UCLA's Thom Mayne and his firm, Morphosis Architects, have won a Progressive Architecture Award for their design of the Hanking Center Tower in Shenzhen, China
UCLA Distinguished Professor Thom Mayne and lecturer Wil Carson have received 2016 Progressive Architecture (P/A) Awards from ARCHITECT, the journal of the American Institute of Architects. Each year, the awards are given to as-yet-unbuilt projects that demonstrate overall design excellence and innovation.
Being rooted in as-yet-unbuilt architecture, the awards are, by their very nature, forward-looking. Every year since its inception in 1954, the program has challenged jurors and practitioners alike to define “progressive” for that given moment in the culture of architecture. The winning projects push “the boundaries of convention with a high degree of embedded material intelligence,” according to ARCHITECT.
Mayne, a Pritzker Prize winner and a leader of the School of the Arts and Architecture’s SUPRASTUDIO program, and his firm, Morphosis Architects, won a P/A award for their design of the Hanking Center Tower in Shenzhen, China. The 73-story tower is described as “an innovative take on the skyscraper typology, relying not merely on simple formal tweaks but rather a more radical repositioning of its core.”
Key to Hanking Center Tower is its robust steel frame, “an almost superstructural exoskeleton that at once holds the building up and defines its shape,” said ARCHITECT. Its bends create a variety of sizes for the floors, making them more adaptable to different users and individual demands.
The tower’s division revives a classic way to define the form from the outside in while creating nearly open floor plates for flexible use. A tapered atrium brings light down to flood the mall’s internal plaza, and the concentric levels of stores tighten as they climb, directing visitor’s eyes up to the sky bridges and braces connecting the high-rise portions together.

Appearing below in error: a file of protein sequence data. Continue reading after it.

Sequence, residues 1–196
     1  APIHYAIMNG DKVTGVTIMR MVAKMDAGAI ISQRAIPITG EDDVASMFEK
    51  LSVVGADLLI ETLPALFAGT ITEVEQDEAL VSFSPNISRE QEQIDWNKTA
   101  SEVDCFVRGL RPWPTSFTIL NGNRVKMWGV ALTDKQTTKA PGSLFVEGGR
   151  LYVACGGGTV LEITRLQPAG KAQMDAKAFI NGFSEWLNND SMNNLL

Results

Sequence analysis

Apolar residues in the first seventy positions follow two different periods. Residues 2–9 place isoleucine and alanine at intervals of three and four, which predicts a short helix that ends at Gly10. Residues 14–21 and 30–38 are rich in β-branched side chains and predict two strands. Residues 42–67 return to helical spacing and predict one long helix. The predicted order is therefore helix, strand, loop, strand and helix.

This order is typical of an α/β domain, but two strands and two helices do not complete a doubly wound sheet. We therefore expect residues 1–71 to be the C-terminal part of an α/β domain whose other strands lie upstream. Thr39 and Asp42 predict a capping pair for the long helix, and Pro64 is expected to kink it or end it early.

Carson, who received his master’s degree in architecture from UCLA in 2000, received his award for his role in designing the Long Beach Mobile ArtSpace, a large black cube that can be moved by a flatbed truck to vacant lots in Long Beach neighborhoods and Southern California communities with insufficient access to the arts.
The cube is designed to unfold, its four sides dropping down to form a stage for performing arts groups. The sides of the box can be raised and lowered to facilitate movie screenings, public meetings or other events. After a series of shows ends, the stage can be repacked into its black cube to await transport to the next site.
At night, its reflective sides come to life with an LED light show. And prior to art shows, a solar-powered, internally lit balloon will float high above, acting as a beacon to lure people to the site. The Arts Council for Long Beach is hoping to raise $5.25 million to cover construction and operations. Opening day is set to take place in summer 2017.